Scotland’s left-wing elite are not happy. (“What’s new?”, I hear you ask.) They’re not happy that their electoral ploy to exploit pro-independence sentiment didn’t work out as they’d persuaded themselves it might. They’re not happy that they didn’t take enough SNP list votes to make any kind of impression on the outcome, other than contribute to the loss of the SNP majority.
They’re especially not happy that, having declared themselves winners despite the verdict of the voters, some have had the temerity to remind them that the SNP is the de facto political arm of the independence movement. They are apoplectic at being told that, if there is to be a revival of the broad-based Yes movement, this will require recognition and acceptance of the crucial role that only the SNP is in a position to fulfil.
This fundamental reality is so distasteful to some sections of Scotland’s left-wing elite that they simply won’t – or can’t – address it. Instead, they march out a veritable army of straw men, bawling about this exposition of realpolitik being a declaration that the SNP is the entire independence movement, and other such nonsense.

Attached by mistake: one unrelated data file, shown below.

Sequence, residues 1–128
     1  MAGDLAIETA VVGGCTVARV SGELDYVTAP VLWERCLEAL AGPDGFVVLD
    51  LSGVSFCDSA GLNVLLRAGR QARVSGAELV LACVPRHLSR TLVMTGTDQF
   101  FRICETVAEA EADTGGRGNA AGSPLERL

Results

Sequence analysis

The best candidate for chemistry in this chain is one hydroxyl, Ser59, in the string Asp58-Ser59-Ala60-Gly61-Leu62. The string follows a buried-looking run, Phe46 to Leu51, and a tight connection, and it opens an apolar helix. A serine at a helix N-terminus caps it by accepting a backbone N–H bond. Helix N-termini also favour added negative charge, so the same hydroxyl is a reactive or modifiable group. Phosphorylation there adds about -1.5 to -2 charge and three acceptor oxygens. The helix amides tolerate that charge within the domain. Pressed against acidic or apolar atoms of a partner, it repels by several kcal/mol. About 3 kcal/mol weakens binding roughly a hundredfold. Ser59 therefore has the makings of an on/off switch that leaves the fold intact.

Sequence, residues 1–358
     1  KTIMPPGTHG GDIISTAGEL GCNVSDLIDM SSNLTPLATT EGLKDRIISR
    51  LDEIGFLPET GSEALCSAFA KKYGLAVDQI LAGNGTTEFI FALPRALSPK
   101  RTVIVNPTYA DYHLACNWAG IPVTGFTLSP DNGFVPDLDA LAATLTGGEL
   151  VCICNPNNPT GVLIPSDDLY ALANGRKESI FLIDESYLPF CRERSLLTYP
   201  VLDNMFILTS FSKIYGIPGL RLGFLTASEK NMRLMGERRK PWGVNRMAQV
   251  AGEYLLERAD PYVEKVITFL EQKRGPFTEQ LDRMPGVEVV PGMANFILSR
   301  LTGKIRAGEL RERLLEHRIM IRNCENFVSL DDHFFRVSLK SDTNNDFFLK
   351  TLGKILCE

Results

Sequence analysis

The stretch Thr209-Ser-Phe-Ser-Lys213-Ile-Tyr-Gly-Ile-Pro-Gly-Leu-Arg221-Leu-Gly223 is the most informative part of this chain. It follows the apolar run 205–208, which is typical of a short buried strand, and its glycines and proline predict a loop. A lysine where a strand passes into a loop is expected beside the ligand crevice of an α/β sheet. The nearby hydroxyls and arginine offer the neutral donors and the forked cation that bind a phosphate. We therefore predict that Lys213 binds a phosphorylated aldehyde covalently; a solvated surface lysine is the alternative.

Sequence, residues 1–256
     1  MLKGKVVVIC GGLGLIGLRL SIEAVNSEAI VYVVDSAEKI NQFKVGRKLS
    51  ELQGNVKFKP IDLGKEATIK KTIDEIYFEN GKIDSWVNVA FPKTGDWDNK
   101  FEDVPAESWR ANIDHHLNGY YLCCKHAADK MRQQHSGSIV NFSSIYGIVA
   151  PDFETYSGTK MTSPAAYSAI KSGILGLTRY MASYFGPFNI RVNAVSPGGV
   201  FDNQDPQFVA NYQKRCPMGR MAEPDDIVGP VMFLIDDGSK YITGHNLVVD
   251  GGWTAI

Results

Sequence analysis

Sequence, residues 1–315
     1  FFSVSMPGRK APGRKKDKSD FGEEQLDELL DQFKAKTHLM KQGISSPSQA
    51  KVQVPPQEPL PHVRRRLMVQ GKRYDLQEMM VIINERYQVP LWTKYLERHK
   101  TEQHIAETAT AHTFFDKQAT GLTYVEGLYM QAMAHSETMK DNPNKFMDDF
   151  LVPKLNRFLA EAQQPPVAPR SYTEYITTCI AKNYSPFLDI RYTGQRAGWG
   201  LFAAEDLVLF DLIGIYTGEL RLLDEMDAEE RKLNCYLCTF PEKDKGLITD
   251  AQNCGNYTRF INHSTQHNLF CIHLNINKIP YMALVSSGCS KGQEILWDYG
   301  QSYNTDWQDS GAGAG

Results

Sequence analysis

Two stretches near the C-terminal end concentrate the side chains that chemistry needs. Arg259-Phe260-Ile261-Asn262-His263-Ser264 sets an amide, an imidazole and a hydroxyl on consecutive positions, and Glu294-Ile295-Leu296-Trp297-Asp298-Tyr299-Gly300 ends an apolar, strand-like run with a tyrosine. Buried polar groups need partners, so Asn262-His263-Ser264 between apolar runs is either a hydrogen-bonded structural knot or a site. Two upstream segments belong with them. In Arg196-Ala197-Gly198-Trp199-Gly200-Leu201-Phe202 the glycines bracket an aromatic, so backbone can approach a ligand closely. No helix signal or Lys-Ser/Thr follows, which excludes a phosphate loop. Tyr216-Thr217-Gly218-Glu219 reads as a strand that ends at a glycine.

There is a total failure to understand – or accept – that, no matter how huge and broad-based a political movement may be, it can only succeed by bringing its power to bear through an effective agent within the machinery of politics. The left-wing elite’s projects fail largely because they equate effective political power with “the enemy”. The “purity” of the cause is more important than success.
What they fail to understand is that It is precisely because the Yes movement is so diverse that it needs the SNP as a point around which to coalesce and as its tool. The SNP qualifies for this role, in part on account of its unequivocal and unconditional commitment to independence, but mostly because it has been chosen by the people of Scotland. That choice needs to be respected.
And this has nothing whatever to do with “party allegiance”. It is perfectly possible to imagine a scenario in which a genuine Scottish Labour Party was forging the path to independence. In which case, I would now be writing about the need for SNP people to recognise and accept the role of this imagined Scottish Labour Party in spearheading the Yes campaign.
Despite all the havering from the unionist media and left-wing factions, there is absolutely no doubt about the outcome of the election. The SNP won. The SNP has a clear and indisputable mandate from the people of Scotland. Not the Tories. Not the Greens/OPIPs.
That is the starting point for the coming independence drive this summer. It will be led by the SNP. There will be no new Yes Scotland. Every single person who genuinely believes that independence is the best way forward for Scotland will have to decide whether they are prepared to set aside party loyalties and personal prejudices and policy agendas in order to put their weight behind this next phase of the fight to bring Scotland’s government home.Views: 3713